For over a millennium Western society has attempted to establish clear codes of ethics in business, politics, personal relationships, religion, and even warfare. But what about a land use ethic? What does modern society have to say on the topic of ethics about our lands?
On a small farm in Massachusetts, farmer Jono Neiger is planting chestnut trees where he might have just planted corn or row crops. Once a staple crop of many Native American tribes, chestnuts provide much more than just lyrical opportunities in Christmas songs. Like a keystone endangered species in a national park, towering trees can anchor the success of a revolutionary agricultural practice that uses the noblest of ethical codes regarding the humble farmer’s acre.
Neiger, is just one of a number of American and European farmers facing the environmental challenges of the 21st century by looking backward toward the stewardship and land-use principles of the famed American conservationist Aldo Leopold, author of an essay called The Land Ethic.
“A land ethic,” he wrote in his magnum opus of the same name, “…reflects a conviction of individual responsibility for the health of the land”.
These American chestnut trees, a species almost completely extinct after a twentieth century blight tore their numbers down from 4 billion to a few individuals, will not only represent a step toward restoring North American chestnut ecosystems, but also plants the foundation for Neiger of what is called a system of “agroforestry,” “multi-story cropping,” or “permaculture” on his farm.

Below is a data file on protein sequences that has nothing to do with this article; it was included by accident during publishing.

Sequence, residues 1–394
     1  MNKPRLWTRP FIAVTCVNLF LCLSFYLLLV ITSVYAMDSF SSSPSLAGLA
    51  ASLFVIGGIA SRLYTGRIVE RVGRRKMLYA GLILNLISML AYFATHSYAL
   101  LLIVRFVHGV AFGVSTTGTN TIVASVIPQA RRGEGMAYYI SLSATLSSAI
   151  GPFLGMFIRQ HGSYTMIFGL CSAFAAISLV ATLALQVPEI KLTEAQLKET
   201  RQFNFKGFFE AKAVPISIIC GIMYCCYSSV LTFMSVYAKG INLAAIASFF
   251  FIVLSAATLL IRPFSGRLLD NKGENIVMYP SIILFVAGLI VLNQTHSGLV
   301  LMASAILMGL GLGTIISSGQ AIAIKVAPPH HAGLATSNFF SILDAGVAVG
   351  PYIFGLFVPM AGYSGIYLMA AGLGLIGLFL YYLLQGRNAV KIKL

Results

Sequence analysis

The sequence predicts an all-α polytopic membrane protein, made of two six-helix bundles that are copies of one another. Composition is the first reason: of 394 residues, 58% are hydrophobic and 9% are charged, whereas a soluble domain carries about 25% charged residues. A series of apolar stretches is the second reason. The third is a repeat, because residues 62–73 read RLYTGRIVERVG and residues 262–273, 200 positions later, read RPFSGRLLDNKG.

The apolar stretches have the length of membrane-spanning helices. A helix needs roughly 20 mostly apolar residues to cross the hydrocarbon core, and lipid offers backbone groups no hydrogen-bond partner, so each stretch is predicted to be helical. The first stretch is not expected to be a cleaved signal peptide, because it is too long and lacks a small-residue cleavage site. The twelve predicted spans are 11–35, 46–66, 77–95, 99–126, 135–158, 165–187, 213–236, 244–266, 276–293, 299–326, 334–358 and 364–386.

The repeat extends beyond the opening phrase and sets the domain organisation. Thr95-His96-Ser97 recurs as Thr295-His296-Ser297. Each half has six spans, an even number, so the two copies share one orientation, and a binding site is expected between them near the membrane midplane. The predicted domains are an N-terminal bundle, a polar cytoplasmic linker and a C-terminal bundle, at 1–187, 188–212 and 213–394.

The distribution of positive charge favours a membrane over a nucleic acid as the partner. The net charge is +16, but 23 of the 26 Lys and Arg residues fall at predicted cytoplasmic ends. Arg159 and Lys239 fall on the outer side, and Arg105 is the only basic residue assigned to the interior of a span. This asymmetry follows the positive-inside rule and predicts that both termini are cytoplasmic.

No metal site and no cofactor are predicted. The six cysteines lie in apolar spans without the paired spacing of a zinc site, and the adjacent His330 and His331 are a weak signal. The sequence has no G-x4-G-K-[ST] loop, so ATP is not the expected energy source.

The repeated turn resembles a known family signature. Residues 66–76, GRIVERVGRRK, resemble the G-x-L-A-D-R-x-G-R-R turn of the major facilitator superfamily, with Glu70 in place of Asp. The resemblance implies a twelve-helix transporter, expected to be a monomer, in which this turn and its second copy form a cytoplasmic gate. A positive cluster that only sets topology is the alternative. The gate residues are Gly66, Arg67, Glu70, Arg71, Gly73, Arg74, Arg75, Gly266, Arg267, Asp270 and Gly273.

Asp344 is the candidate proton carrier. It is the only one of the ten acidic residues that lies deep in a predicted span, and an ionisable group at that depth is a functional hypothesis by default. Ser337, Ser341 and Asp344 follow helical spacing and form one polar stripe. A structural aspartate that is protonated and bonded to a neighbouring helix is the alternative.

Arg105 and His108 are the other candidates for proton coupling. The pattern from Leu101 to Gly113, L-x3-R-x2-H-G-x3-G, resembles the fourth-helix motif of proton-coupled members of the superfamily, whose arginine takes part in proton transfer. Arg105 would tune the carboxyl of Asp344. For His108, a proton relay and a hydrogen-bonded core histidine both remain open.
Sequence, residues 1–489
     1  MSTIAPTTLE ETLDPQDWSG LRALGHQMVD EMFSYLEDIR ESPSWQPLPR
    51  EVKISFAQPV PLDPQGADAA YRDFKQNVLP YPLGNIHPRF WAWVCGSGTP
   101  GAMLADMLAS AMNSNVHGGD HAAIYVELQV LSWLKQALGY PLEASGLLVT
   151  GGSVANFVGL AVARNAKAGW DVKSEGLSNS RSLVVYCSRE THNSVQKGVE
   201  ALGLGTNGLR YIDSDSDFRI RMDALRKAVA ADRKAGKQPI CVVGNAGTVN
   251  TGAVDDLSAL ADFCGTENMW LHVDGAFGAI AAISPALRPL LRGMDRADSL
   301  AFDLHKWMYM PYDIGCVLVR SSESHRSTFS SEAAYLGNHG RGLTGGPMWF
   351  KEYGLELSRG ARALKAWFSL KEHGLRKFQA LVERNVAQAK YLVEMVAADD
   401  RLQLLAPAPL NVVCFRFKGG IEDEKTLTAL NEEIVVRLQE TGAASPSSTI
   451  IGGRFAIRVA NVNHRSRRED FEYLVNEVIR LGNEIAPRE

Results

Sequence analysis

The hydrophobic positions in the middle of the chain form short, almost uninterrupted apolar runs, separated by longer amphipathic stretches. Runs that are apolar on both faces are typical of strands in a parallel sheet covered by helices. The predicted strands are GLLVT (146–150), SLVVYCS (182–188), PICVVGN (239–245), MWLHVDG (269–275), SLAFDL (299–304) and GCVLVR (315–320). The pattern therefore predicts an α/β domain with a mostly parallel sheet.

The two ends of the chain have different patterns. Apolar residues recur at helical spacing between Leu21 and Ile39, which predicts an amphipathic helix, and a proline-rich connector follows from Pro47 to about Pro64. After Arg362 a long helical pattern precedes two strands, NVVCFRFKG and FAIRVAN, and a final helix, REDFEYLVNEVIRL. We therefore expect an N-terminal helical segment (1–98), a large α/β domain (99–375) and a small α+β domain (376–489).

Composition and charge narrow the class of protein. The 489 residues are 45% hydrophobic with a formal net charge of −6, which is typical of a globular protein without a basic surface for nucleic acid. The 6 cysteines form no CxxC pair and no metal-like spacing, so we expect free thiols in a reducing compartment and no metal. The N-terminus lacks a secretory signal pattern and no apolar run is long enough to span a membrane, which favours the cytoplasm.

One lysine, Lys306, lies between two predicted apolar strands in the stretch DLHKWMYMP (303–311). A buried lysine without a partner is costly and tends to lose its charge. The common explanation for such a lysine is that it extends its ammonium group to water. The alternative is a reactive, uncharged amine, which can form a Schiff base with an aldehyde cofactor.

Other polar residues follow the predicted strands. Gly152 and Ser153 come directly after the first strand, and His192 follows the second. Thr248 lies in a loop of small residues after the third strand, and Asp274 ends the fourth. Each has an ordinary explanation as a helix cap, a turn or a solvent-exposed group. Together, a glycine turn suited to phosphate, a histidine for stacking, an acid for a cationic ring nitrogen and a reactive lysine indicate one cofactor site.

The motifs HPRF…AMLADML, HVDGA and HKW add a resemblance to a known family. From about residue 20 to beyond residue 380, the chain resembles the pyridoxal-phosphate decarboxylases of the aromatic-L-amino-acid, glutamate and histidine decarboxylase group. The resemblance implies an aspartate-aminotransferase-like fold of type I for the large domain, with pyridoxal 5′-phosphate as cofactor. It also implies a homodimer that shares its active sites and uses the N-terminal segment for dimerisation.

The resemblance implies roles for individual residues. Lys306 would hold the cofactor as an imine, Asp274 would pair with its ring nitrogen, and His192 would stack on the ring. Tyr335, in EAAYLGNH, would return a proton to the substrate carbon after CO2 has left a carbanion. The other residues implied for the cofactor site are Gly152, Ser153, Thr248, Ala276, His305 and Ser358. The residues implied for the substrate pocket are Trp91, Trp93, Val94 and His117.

The nuts falling from their limbs will be one of his most critical crops, but only one of many in what will be a cyclical and regenerative agricultural practice that brings the field and the forest together, securing the food production of the former to the environmental services of the latter.
“Trees fit in well in many places where it’s not suitable to do tillage agriculture. You can use hillsides, where—any time regular monoculture agriculture occurs—it causes a lot of erosion and soil loss. Having trees in these places slows erosion, starts to rebuild soil, and sequesters more carbon,” farmer Neiger tells the BBC.
In terms of producing food, his chestnuts are a great source of carbohydrate—like corn or wheat—only more nutrient-dense and growing higher up rather than down below. They were once very commonly ground into flour for baking bread, and they also provide hogs and wild forest creatures with a predictable and bountiful food source. Opting against a traditional farmer’s beige and yellow crop monopoly also frees up the forest floor for more diverse kinds of cash crops, as well as medicinal herbs and fungi.
Neiger chose papaws, persimmons, and elderberries that will grow and produce food while he waits for his chestnut trees to reach the necessary age and size. Furthermore, the ability to select a wide variety of plants to grow in and around the chestnut orchards allows Neiger and other multi-layer farmers to cultivate environments that can host the maximum number of both wild and domestic animal species.